How do I proceed with on the job injury? 12 Answers as of February 28, 2014

I "strained" my back while positioning a patient, on Jan 14, 2014. I called my supervisor and left her a message, saying I pulled, strained or sprain my back an hour or so later. I called in 15 and 17th due to back pain. The 16th was a scheduled day off. It was several days later that I mentioned it to my supervisor. She told me she didn't hear the message. She was on a few days of vacation beginning on the 14th. That she would let the employee health nurse know as there was paperwork that had to be completed. On Jan 29 I was in the office, the employee health nurse walked over to me. She said, "A little Birdie told me you hurt your back, but you're feeling better. Do you need to see a doctor?" She then walked away without getting my answer. My back has been hurting off and on since, but getting worse when it hurts. I again called in on Feb. 17 and 19th sending an email to my supervisor, that my back was hurting and I needed to let it rest. 18th was a scheduled day off. On Feb. 20, 2014 there was a reduction in force at my work and I was laid off. I was never given any paperwork or really offered medical attention. I don't have anything in writing, other than my comment in payroll website. That my absence on Jan 15th was due to, "back strain from patient the previous day." Which my supervisor manually approves each daily entry. Is it too late to get medical attention?

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Lombardi Law Firm
Lombardi Law Firm | Steve Lombardi
Simple, just ask for permission to the doctor.
Answer Applies to: Iowa
Replied: 2/28/2014
You need to file a claim for worker's compensation benefits that cover temporary disability benefits , ongoing medical treatment and a settlement for permanent disability and future medical care.
Answer Applies to: California
Replied: 2/28/2014
Law Offices of Ronald A. Steinberg & Associates | Ronald A. Steinberg, BA, MA, JD
Get a workers compensation lawyer.
Answer Applies to: Michigan
Replied: 2/26/2014
Pius Joseph A Professional Law Corp. | Pius Joseph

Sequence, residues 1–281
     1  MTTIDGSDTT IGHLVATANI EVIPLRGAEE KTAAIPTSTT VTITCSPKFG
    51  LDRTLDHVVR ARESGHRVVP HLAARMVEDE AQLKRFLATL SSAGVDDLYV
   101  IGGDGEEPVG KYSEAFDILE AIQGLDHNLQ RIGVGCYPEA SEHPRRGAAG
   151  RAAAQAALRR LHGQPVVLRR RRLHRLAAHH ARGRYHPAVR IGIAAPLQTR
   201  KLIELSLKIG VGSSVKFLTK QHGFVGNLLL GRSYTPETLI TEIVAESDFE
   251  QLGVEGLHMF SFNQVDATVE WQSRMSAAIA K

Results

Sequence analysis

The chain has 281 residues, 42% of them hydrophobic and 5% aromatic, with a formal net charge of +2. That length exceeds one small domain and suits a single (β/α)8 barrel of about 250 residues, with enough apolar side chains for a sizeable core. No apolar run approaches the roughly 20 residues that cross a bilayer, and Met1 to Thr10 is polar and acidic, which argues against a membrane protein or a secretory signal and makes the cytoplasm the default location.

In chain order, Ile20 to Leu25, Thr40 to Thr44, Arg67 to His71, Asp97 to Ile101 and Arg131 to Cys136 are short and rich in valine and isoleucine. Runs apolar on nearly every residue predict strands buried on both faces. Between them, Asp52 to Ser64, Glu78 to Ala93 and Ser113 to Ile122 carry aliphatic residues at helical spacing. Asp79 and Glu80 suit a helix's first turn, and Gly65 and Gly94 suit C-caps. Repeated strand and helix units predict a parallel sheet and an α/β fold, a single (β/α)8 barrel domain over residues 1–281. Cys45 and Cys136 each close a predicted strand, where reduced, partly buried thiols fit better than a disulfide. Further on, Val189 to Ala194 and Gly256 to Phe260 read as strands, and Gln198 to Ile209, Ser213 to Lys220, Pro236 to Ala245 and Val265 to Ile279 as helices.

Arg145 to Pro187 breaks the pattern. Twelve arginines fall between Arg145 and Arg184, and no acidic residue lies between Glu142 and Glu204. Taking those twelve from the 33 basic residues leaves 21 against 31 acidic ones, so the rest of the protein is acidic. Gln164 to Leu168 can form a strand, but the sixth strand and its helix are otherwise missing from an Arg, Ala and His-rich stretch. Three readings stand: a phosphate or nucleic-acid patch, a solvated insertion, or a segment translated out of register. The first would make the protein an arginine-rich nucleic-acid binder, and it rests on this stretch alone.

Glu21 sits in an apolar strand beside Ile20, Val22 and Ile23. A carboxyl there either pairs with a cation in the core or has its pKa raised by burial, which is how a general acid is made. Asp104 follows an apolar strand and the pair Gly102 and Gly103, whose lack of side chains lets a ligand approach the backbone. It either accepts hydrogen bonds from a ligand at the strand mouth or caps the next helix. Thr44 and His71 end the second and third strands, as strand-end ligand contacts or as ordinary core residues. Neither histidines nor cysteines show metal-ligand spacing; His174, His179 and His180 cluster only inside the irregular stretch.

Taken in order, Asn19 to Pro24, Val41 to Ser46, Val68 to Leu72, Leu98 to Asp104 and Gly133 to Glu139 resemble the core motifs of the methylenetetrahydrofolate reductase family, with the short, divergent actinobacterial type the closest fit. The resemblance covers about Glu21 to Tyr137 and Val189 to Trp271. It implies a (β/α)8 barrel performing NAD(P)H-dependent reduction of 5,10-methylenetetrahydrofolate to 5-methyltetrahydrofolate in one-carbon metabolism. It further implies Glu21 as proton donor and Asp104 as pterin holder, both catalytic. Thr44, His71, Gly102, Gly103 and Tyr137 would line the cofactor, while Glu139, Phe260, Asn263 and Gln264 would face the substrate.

You must by email or otherwise document your injury and ask to be seen by an employer insurance doctor. If they do nothing about you can contact a lawyer. You are in the new world of MPN( member provided network) doctors that you will have to treat with . If you have more questions please feel free to call our office.
Answer Applies to: California
Replied: 2/26/2014
Law Ofices of Edwin K. Niles | Edwin K. Niles
See a workers comp lawyer ASAP.
Answer Applies to: California
Replied: 2/26/2014
    James E. Hasser, Jr. P.C.
    James E. Hasser, Jr. P.C. | Jim Hasser
    It is not too late in Alabama. Medical benefits are open for life. You have 2 years from the date of your injury to file a comp claim. You don't have to still be employed there to file a medical or comp claim. Call the nurse and tell her you need to see the Dr. They should get you set up with a Dr. Good luck.
    Answer Applies to: Alabama
    Replied: 2/25/2014
    Andrew T. Velonis, P.C.
    Andrew T. Velonis, P.C. | Andrew Velonis
    File a worker's compensation claim and get the treatment you need. This is what worker's comp is for. Your supervisor should have told you that from the get-go.
    Answer Applies to: New York
    Replied: 2/25/2014
    S. Joseph Schramm | Joseph Schramm
    You should file a claim for medical care under Workers' Compensation with your employer. If the employer has a list of physicians to treat your condition you might have to treat with one of them for 90 days. If he does not have a list you would be free to treat with your own doctor and have the claims covered by your former employer's workers' compensation carrier. As for income benefits, you would have to have missed seven days work to receive them and this does not appear to be the case here unless you can show that the reduction in force was intended to prevent you from claiming income benefits under the law and this might be difficult to do.
    Answer Applies to: Pennsylvania
    Replied: 2/25/2014
    Kirby G. Moss PC | Kirby G. Moss
    It is not too late but you need to pursue it as a worker's comp claim. There should be a procedure for alerting your employer for injuries on the job that you can follow.
    Answer Applies to: Indiana
    Replied: 2/25/2014
    Candiano Law Office
    Candiano Law Office | Charles J. Candiano
    No but DO NOT WAIT! Every day that goes by makes your claim more difficult. I cannot stress too strongly that you WILL be disadvantaged if you do not hire an attorney. In Illinois, you will ALWAYS cheat yourself if your do not hire experienced counsel. You will have someone to guide you through the process AND when it is time to settle, an attorney can add value to your case IN EXCESS of his fee. So, you have fewer headaches AND you get more money. It really is a no-brainer. Find an experienced Workers' Compensation attorney here on Law QA. Attorneys on Law QA want to help you but we are not permitted to solicit your business. You must contact us.
    Answer Applies to: Illinois
    Replied: 2/25/2014
    Musilli Brennan Associates PLLC
    Musilli Brennan Associates PLLC | John F Brennan
    Should not be, contact your supervisor first, KEEP all of the evidence which you have related. You have a possible worker's compensation claim. If you get no satisfaction, see an attorney.
    Answer Applies to: Michigan
    Replied: 2/25/2014
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